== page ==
Saturday 5 May 2012

Trailer Refurbishment

With almost all the exterior of the yacht finished or nearing completion, its time to concentrate on the trailer and ensure its safe and fit for the road. Since purchasing Pelagic last year, I have done nothing to the trailer other than take the mudguards off to aid access to the keel area.

mudguards removed - showing the condition of the mild steel chassis

The front & rear axles

The front axle is braked via steel rods linked forward to the tow bar. Pressure on the tow bar (during breaking of the towing vehicle) forces the connecting rod to exert pressure on both the front drum brakes. 

The first thing to do was to jack up each side of the chassis in turn and remove the wheels and hubs for a good inspection. The wheels were easy enough to get off and the hubs where also easy to remove; which required taking out the split pin locking the castellated nut which holds the hub against the taper roller bearing and hub in place. The rear wheel bearings were fine with just a tiny amount of wear, well greased and requiring nothing other than putting back in place and re-mounting the hub with a little new grease. Note before I removed the wheel from the hub (with the wheel off the ground), I tried to move the wheel in and out to test for play in the bearings - there was none. The same could not be said for the front wheel, which was literally hanging off... I was lucky indeed that nothing happened  during the tow back from Kent. Inspection of the front (braked wheel) revealed no split pin and a loose castellated nut - which accounted for the excessive play. However, once again the taper roller bearings were fine if not a little worn. The break shoes and operating mechanism were very rusty and just about seized. I took everything off the hub, derusted, greased and put everything back. The shoes are worn so these will have to be replaced before an distance towing is undertaken. Two of the studs also need replacing as these were missing, replaced with standard bolts...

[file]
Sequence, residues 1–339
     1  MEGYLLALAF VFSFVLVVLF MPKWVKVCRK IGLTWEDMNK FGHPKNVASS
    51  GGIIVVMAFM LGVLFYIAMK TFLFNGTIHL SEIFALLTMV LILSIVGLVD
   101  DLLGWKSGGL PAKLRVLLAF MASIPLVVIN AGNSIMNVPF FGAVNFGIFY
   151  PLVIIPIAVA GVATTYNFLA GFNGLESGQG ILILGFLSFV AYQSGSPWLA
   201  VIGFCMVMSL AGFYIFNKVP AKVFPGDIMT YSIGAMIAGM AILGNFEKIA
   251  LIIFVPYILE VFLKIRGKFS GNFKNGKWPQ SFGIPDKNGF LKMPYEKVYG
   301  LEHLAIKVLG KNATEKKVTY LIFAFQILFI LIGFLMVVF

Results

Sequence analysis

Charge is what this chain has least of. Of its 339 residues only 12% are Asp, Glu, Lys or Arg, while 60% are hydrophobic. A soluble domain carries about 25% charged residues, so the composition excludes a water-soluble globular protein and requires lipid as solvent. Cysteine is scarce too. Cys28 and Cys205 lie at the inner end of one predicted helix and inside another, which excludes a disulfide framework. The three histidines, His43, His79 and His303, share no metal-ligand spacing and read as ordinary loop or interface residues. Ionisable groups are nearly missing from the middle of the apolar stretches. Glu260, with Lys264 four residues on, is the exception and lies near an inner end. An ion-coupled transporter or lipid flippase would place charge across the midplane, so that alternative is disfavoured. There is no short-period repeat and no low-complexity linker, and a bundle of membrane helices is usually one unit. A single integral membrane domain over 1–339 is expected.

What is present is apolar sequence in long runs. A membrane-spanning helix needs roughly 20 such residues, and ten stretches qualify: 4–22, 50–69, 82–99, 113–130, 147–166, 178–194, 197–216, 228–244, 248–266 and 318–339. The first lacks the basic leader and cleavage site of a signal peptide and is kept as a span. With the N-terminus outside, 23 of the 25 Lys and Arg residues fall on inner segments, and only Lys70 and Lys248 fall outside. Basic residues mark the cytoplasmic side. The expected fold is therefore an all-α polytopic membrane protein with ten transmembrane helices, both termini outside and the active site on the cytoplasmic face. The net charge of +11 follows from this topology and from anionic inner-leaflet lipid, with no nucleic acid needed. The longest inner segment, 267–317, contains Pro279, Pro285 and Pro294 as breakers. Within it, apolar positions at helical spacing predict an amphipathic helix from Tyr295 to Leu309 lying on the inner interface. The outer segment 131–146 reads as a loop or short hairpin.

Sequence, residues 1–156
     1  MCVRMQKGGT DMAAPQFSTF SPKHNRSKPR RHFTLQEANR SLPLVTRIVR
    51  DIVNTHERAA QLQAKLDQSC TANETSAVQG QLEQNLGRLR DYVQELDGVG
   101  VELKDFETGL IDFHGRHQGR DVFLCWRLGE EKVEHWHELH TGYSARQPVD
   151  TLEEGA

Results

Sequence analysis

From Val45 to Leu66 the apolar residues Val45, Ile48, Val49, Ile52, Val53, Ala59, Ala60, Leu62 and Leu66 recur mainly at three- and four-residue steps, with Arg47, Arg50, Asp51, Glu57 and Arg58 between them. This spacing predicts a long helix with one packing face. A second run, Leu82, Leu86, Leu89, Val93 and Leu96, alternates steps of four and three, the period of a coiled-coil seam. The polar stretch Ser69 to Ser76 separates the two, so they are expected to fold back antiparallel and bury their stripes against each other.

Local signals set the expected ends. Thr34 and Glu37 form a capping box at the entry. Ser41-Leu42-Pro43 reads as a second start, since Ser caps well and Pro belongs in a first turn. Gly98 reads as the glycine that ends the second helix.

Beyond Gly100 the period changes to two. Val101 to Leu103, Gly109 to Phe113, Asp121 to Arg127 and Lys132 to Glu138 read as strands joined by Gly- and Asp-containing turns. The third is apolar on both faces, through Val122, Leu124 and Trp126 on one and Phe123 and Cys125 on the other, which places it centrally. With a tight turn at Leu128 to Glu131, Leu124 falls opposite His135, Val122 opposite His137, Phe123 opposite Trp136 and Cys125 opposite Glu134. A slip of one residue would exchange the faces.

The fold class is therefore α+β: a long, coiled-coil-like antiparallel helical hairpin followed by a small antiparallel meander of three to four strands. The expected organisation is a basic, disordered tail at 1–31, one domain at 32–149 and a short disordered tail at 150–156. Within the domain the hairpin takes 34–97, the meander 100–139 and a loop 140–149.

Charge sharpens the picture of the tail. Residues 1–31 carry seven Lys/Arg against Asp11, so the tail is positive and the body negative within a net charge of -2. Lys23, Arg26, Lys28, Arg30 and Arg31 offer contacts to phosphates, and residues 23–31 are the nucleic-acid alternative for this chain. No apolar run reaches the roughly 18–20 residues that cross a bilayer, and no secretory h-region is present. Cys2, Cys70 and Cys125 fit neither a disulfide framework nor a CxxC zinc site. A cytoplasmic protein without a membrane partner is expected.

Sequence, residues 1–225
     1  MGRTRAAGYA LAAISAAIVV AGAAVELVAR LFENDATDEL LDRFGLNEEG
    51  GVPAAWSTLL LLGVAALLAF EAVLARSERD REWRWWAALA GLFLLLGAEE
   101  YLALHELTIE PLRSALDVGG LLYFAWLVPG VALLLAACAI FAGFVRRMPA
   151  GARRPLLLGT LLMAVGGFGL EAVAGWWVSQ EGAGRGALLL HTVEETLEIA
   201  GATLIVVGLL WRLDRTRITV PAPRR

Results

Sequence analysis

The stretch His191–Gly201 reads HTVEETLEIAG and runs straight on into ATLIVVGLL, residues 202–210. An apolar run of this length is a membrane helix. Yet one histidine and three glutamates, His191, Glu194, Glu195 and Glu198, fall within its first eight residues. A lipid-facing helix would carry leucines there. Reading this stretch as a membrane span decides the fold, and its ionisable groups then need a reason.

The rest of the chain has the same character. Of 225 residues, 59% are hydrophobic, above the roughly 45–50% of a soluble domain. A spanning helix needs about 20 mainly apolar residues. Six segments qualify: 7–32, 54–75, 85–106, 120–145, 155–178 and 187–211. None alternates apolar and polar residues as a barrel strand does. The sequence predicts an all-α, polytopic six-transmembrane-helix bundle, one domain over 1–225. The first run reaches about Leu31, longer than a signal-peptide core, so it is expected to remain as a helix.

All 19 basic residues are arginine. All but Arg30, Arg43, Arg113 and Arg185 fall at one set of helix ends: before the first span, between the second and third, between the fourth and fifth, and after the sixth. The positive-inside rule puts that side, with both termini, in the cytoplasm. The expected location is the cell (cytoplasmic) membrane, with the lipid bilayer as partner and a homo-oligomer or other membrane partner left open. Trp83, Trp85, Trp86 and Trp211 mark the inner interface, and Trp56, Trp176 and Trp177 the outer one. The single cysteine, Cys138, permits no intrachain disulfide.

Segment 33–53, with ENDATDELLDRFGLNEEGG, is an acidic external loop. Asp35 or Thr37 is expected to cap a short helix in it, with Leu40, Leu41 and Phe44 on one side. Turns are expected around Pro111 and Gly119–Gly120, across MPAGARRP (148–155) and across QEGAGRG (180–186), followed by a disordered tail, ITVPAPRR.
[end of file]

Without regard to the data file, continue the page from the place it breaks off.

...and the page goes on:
The wheels and tyres
3 of the 4 wheels had flat tyres; from slow punctures or poor sealing at the rim. I inspected each tyre of age, perishing, tread depth, uneven wear etc. If you don't already know tyres have their date of manufacture stamped on. This is useful, because trailer tyres, like caravan tyres, as a result of little use can look to be OK showing little wear and good tread depth. However they could be several years old, UV weakened and possibly quite dangerous. Guidance seems to indicate modern tyres are good for about 5 years max. Normally, car tyres wear out before five years so tyre ageing is not really a problem generally.

The trailer tyres had an age range between 2-4 years so I'm planning to start changing them next year. The slow punctures were a result of rusty rims preventing a good seal (the tyres were tubeless) so I needed to get them off to clean-up the rims before re-mounting the tyres. I took the tyres one at a time to the local tyre & exhaust centre where they gladly removed the tyres for me. I could not leave them to clean the rims because the tyre fitters are not allowed to have grinding/descaling machines because of H&S concerns. I found this a bit of a joke given the equipment they work with - but not surprised. So I descaled the rims using my 4" grinder with a descaling wheel fitted. This cleaned off the rust very quickly and some care was needed to ensure I didn't take any of the metal away, resulting in an uneven rim.

Rim descaled


After cleaning the rust of the tyres rim, I took them back to the tyre centre. The guy told me that this rim should have a inner-tube, so I asked for one to be fitted. Total cost for taking off the tyre, fitting a tube and re-assembly £13.56 which was the cost of the tube on its own. So for less than £60.00 I have 4 x good wheels, tyres (with tubes) - four less things to worry about...

I decided to paint the rims on the outside white and to fit wheel trims. This would enhance the look of the trailer and give it a newer-look.

Wheels & trims fitted -Tyres have new inner tubes.


Given I cannot lift the boat off the trailer in my garden I decided to derust what I could and paint it with a good quality marine primer until such time the boat is on the water and I can spend more time to properly finish-off the refurbishment. I fitted a new winch and cleaned-up the tow bar and break mechanism. The trailer is now ready to go, bringing the launch date for Pelagic one step closer.